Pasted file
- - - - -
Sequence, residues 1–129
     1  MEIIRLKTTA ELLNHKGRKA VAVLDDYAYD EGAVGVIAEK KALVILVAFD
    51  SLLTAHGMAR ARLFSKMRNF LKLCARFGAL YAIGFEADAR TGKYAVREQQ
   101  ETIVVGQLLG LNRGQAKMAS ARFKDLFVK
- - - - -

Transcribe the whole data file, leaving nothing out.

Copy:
Sequence, residues 1–129
     1  MEIIRLKTTA ELLNHKGRKA VAVLDDYAYD EGAVGVIAEK KALVILVAFD
    51  SLLTAHGMAR ARLFSKMRNF LKLCARFGAL YAIGFEADAR TGKYAVREQQ
   101  ETIVVGQLLG LNRGQAKMAS ARFKDLFVK